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Double Trouble

You Be the Doctor

Dave HofstetterLt. Col. Dave Hofstetter, 68, is an avid bicyclist, former lacrosse player, and motocross rider who completed dozens of sky-diving missions during his two decades of service as a helicopter pilot for the US Army.

Now retired from the military, he still takes an annual bicycle trip through locales in France, Italy, or Argentina with a dozen of his former West Point classmates and their spouses. Dave and his wife, Corrine, a flight attendant for Delta, enjoy the challenge and the camaraderie. "It's not the Tour de France," he says. "We ride about 20 miles a day, interrupted frequently by beer and wine stops."

Due to Hofstetter's athletic and adventurous nature, he's put a lot of wear and tear on his body. He's had 15 surgeries, including six hip replacements, five shoulder operations, and two double-disk back surgeries.  

Despite his numerous surgeries, Hofstetter says, he's not someone who goes to the doctor for every cough or cold. "It's the military mindset — tough it out," he says. But when he experienced an irritating cough over a few weeks that wouldn't go away, he decided to have it checked out. "I told Corrine, let's go to Emory Johns Creek ER, it's just around the corner from our house in Alpharetta," he says. "They can pull up a list of my current medications. I expected to get a prescription and go home."

"At first, I thought it was pneumonia, but tests came back inconclusive, so I reviewed his health history and decided we should do a full battery of tests, including looking at his lungs." —Dr. Mark Hogan,  Emory Johns Creek Hospital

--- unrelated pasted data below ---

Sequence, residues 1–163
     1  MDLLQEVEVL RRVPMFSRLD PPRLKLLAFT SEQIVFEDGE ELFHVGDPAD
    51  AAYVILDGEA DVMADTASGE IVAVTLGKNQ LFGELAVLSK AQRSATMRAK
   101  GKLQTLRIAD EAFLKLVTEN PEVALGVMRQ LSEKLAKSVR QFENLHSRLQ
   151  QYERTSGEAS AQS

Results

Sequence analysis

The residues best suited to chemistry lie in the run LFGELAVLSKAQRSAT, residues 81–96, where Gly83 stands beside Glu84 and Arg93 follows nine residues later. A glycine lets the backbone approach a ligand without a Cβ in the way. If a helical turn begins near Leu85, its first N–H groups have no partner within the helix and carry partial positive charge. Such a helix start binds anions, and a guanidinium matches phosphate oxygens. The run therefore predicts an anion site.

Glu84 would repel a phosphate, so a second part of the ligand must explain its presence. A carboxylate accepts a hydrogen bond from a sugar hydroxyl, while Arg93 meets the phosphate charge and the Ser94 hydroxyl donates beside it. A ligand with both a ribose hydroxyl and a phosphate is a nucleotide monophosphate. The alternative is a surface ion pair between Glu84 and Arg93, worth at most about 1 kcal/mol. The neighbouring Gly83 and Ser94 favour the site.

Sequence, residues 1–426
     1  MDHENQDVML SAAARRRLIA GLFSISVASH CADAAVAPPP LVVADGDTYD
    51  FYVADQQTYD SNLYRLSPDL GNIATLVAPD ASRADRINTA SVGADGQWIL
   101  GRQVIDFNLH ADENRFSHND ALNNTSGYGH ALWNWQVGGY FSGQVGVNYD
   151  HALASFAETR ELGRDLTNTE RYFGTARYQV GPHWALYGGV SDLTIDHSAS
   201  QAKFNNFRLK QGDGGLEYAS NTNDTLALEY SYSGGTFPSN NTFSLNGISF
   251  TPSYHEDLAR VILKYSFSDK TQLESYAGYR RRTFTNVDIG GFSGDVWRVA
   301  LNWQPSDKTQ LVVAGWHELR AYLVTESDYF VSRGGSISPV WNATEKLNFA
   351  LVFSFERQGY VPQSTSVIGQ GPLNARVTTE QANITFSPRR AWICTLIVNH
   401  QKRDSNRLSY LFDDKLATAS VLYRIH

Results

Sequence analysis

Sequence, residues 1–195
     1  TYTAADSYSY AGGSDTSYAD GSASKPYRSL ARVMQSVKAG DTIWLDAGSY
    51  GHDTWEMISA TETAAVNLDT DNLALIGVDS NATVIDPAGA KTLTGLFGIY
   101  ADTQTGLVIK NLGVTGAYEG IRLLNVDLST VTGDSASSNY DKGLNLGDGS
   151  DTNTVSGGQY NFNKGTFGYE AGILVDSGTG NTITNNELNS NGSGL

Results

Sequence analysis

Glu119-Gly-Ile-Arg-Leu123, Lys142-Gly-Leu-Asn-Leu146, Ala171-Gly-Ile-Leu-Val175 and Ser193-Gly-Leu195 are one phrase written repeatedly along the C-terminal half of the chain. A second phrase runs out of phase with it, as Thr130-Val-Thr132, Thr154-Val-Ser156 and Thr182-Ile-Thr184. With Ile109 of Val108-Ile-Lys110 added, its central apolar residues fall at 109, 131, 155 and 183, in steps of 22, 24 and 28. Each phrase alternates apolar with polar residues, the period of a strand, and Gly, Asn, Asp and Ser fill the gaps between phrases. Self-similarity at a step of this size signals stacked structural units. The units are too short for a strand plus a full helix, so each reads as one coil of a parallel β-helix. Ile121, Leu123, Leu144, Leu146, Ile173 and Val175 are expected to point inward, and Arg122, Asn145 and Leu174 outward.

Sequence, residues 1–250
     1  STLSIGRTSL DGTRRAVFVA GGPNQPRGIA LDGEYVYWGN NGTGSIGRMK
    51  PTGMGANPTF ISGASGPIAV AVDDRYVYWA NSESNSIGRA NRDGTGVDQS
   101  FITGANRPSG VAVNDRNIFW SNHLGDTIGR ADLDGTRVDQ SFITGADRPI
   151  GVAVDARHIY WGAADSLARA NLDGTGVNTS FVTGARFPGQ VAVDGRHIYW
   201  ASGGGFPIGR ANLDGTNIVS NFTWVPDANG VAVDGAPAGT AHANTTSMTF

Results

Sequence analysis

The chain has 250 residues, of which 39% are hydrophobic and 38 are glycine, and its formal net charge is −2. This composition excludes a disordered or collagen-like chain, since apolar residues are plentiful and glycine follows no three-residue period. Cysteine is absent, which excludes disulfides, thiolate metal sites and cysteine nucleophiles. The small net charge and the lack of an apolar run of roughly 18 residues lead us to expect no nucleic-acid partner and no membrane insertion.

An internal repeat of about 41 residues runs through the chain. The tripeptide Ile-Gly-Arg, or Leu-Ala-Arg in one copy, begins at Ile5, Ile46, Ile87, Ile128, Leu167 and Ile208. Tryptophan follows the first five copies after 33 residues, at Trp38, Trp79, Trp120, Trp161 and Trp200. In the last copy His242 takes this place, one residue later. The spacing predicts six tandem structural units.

Dr. Mark Hogan was on duty, and remembers Hofstetter well. "At first, I thought it was pneumonia, but tests came back inconclusive," he says. "So I reviewed his health history and decided we should do a full battery of tests, including a CT angiogram of his lungs."

Hofstetter was surprised when they came back into the room and handed him a hospital gown. "After they did all the tests, they came back in and said, 'You're not going anywhere,'" he says.

Can you guess, careful readers, what was discovered during the tests that called for Hofstetter's immediate admission to the hospital?

Hofstetter had a pulmonary embolism in each of his lungs. These blood clots, which often travel from elsewhere in the body, lodge themselves in the arteries of the lungs and can block blood flow. Symptoms include shortness of breath, chest pain, and a cough, but most pulmonary embolisms are subclinical. "Most people never know they have them," Hogan says. "It's a case of look and you will find." Nevertheless, if a clot is large or if there are multiple clots, they can be fatal.

Hofstetter's existing clots were dissolved with blood thinners. He was checked thoroughly for blood clots elsewhere and got the all clear. "I had never had any issues with blood clots before," he says. "They broke these two up, and everything was fine and dandy."

He became a Patient Family Advocate for Emory Healthcare, and is looking forward to his next bicycle trip. "I am able to do all the things I do," he says, "because of what the medical professionals are able to do." 

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